Torus shape converted to mesh light (rollover image). Model kindly provided by Lee Perry Smith.
In situations where conventional light shapes will not suffice, mesh lights are more suitable. Mesh lights can be used to create interesting lighting effects that would not be possible any other way. For example, effects such as neon lighting or a car light motion trail effect can be achieved more easily with mesh lights.
Geometry converted to Mesh light
An example mesh light scene can be found here.
The current limitations when using a mesh light are:
- Mesh Light ignores smoothing on poly objects.
- NURBS surfaces do not currently work with Mesh Light.
To create a mesh light, select a mesh and go to Arnold->Light->Mesh light. A separate node is created to represent the mesh light source which references the shape node and has the same attributes as a regular light. It should be visible in Maya windows, such as the Light Editor, Light-linking Editor, etc.
Sphere converted to Mesh light with 'Light Visible' enabled
Changing the mesh parameter "translator" to "mesh_light" is still supported, however, it is now considered as deprecated and will be removed in the long-term future.
Displays the name of the shape used as a Mesh Light.
Show Original Mesh
Displays and renders the original mesh shape chosen to represent the Mesh Light.
Makes the light source visible to the camera.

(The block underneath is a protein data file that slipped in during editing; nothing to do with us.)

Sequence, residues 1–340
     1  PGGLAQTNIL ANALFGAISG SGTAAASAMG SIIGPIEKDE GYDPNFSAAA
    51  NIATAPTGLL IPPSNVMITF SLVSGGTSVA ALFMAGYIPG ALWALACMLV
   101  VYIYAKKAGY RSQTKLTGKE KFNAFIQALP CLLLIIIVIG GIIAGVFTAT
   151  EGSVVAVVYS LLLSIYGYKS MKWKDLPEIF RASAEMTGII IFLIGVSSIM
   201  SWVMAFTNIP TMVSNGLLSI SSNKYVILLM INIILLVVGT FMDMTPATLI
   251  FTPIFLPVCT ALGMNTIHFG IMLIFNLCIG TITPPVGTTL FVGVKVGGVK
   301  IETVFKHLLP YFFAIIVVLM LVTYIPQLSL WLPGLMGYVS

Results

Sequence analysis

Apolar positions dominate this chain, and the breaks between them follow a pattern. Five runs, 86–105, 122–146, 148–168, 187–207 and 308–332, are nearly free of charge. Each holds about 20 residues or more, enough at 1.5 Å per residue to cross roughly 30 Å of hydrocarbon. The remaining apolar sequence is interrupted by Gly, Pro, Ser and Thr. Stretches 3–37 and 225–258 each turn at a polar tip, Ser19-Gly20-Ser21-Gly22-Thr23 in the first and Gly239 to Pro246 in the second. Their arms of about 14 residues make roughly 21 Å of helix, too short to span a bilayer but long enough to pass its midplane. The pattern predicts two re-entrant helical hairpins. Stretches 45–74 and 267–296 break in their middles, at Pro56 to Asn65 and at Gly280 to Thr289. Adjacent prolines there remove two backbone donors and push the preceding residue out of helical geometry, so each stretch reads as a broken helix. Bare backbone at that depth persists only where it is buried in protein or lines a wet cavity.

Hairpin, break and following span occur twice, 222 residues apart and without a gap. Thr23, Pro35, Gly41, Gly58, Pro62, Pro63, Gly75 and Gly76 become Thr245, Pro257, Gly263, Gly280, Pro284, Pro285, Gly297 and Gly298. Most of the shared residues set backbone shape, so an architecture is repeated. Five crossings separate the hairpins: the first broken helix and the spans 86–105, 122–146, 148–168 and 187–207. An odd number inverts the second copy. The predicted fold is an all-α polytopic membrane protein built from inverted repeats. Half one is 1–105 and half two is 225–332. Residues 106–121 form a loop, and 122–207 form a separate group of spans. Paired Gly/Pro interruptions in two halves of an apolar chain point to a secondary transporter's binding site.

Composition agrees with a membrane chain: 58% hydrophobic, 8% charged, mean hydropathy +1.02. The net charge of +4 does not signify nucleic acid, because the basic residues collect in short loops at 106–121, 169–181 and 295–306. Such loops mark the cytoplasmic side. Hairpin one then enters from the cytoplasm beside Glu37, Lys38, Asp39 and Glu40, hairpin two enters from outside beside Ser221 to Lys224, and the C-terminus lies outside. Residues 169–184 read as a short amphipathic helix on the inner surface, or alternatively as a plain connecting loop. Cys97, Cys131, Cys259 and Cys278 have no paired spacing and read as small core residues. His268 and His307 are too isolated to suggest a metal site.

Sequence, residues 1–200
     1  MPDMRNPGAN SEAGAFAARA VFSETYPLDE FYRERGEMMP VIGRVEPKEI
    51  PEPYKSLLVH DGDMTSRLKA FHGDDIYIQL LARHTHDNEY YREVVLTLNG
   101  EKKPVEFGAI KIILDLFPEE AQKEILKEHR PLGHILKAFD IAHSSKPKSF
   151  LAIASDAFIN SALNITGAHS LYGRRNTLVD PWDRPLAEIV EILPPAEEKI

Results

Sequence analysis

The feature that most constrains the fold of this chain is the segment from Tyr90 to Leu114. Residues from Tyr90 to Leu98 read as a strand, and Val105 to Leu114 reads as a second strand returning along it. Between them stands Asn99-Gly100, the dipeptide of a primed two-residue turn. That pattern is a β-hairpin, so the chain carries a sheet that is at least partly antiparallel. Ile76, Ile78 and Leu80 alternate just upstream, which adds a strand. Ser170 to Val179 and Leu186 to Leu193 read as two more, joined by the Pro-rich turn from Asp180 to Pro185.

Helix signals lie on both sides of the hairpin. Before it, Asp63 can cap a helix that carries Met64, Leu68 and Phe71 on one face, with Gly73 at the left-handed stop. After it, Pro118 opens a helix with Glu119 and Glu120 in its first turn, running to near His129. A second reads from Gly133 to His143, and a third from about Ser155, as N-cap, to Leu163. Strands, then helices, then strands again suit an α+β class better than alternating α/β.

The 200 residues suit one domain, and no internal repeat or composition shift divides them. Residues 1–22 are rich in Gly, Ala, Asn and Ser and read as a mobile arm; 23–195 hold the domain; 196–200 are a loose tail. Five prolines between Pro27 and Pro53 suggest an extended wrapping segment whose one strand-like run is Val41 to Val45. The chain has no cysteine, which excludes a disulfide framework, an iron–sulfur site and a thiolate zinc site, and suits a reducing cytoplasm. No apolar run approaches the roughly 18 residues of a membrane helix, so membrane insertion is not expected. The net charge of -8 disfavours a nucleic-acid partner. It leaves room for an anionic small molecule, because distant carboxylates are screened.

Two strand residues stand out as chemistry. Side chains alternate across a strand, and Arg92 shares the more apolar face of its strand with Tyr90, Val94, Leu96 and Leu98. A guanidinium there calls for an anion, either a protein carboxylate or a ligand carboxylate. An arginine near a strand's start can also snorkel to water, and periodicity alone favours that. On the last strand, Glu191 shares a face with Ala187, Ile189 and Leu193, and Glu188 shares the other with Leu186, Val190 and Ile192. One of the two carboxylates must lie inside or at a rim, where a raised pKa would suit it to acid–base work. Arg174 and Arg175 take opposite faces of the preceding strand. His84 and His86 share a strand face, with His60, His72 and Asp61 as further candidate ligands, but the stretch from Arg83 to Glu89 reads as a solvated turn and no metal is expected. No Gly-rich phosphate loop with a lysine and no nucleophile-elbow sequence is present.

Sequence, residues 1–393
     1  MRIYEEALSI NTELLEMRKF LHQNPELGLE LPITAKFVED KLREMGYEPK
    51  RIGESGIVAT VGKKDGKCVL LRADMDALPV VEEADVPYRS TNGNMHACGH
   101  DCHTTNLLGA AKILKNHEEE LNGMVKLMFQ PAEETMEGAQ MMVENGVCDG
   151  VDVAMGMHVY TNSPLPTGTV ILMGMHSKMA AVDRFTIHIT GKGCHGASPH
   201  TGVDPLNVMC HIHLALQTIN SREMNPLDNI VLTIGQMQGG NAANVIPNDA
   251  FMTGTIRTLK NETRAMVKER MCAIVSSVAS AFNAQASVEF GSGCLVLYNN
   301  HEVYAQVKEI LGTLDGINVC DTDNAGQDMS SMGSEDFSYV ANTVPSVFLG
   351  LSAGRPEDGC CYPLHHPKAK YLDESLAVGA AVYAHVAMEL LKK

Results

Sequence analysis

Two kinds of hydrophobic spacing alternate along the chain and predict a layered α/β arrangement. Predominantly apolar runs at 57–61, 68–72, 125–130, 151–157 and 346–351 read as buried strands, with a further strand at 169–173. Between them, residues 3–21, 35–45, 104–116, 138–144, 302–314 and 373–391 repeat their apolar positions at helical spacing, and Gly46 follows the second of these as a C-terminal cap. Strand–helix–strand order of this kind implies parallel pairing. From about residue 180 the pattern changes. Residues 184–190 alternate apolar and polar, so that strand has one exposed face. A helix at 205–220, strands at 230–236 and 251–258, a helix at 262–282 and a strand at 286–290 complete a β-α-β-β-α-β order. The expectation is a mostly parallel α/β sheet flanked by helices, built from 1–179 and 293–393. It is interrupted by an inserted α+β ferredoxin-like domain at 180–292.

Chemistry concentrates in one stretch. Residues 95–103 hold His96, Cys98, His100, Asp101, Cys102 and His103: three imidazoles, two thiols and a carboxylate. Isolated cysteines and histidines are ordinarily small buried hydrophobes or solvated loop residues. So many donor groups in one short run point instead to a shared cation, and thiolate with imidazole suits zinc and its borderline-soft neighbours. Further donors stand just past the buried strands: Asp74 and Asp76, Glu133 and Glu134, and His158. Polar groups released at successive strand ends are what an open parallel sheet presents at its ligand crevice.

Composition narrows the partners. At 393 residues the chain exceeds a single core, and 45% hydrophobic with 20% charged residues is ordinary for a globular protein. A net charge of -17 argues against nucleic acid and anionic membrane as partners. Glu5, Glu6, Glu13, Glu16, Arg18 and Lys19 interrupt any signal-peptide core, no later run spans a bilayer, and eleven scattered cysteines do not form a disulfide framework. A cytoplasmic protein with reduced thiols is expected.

You may need to increase the number of subdivision iterations for the mesh light if the color texture is clearly visible in specular reflections. For example, this may be evident in a scene where a TV screen is reflected in a glass window.
You can see that even with Diffuse samples = 16, emission is noisier than a Mesh light with Diffuse samples = 2.
Below is another comparison test between a mesh light (left image), and a sphere with a highly emissive Standard shader assigned to it (right image). As you can see in the mesh light image, light is bounced around the scene, whereas there is no bounced light in the emissive sphere render. This is because the rays from the mesh light work in conjunction with the Diffuse rays, whereas, only the primary rays are considered when using emission only. Even with 6 Diffuse samples, the render using Emission only contains far more noise.
In the example below, Diffuse samples have been increased to ten to get a clean result using only Emission in the scene. With mesh light, the scene only requires three Diffuse samples.